Luhrmann and Zeffirelli take significantly different approaches in staging one of the most famous scenes ever written by Shakespeare and some of the most iconic lines in all of English literature. In the Zeffirelli film, Romeo, played by Leonard Whiting, is a much more passive character. Though he climbs the orchard walls, he lingers in the bushes, physically separating himself from Juliet until she fully reveals her complete devotion to him: "Romeo, doff thy name/ And for that name, which is no part of thee/Take all myself" (II.ii.49-50). It is only at this moment that he comes forward.
Conversely, in the Luhrmann interpretation Romeo is portrayed as bold and confident. He not only dares to breach the walls of the Capulet household, but he positions himself directly under Juliet's window. Rather than having Romeo stay still throughout Juliet's soliloquies, Luhrmann escalates the tension by having Romeo move closer and closer to Juliet until he becomes almost a shadow of her. (In fact, Romeo's haste has him running into furniture and knocking objects over - his passion and daring continues to put him in greater jeopardy.) Though Romeo doesn't fully reveal himself until Juliet's grand offer of "all myself," by then his verbal admission of his commitment to her is a mere formality. He has proven his devotion through his wreckless abandonment of any safety and security for his own person.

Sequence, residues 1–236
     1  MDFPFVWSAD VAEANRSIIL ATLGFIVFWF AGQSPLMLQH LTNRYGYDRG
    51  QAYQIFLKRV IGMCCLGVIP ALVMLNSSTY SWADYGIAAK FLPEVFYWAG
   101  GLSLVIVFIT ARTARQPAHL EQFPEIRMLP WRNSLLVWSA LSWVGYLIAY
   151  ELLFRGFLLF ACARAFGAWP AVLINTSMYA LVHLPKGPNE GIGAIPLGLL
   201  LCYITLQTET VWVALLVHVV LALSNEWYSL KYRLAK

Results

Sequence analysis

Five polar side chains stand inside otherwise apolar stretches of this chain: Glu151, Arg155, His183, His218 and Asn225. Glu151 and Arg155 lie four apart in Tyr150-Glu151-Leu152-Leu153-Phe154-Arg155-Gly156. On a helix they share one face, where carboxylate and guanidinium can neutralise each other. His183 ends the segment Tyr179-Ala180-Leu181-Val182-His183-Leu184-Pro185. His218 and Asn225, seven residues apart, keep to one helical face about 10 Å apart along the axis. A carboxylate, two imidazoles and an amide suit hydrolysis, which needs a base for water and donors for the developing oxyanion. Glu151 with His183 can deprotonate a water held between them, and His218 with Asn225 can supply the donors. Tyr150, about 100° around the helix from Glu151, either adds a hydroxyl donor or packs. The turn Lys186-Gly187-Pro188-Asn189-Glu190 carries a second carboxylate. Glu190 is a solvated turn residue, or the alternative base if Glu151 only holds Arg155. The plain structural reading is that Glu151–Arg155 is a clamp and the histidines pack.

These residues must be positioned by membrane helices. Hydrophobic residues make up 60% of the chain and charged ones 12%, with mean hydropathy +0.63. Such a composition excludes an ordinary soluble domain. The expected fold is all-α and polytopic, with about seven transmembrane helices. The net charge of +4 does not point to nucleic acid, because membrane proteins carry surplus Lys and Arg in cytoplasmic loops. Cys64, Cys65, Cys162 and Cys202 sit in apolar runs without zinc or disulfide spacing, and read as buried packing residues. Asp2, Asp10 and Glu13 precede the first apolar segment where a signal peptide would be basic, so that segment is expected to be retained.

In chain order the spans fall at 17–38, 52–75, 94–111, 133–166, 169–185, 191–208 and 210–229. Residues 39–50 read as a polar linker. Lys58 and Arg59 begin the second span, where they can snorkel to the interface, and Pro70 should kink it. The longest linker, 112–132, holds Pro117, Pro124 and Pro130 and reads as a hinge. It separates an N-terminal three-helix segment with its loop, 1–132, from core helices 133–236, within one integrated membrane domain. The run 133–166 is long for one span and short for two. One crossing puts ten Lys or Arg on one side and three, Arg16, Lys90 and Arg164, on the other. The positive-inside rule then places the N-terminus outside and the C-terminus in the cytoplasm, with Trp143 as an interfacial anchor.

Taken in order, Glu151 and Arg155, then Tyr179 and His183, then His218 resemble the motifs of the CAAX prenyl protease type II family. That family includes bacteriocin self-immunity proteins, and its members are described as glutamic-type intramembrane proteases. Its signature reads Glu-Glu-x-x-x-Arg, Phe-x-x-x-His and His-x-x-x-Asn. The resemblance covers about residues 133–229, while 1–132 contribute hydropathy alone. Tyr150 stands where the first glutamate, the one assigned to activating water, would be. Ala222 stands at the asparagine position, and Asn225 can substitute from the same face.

This boldness also affects how other characters interact with each Romeo. In the Zeffirelli production, Juliet becomes the dominant character. She is literally above Romeo for most of the scene. In the Luhrmann production, however, he levels this power structure by bringing Juliet down from her balcony. Her enthusiasm springs from Romeo's rather than acting as a catalyst to embolden him as in the Zeffirelli interpretation. Similarly, when Leonardo DiCaprio makes the conscious decision to jump out of the Montague car, Mercutio and the other members of the entourage see where he is going and understand the consequences his boldness might have. Their taunting is a failed attempt to dissuade him from his wreckless behavior. In the Zeffirelli version, Romeo's friends do not observe him scaling the orchard wall. Thus, the mocking Romeo experiences from his cohort doesn't represent an attempt to alter his actions but is rather a reaction to his continued moping and gloominess.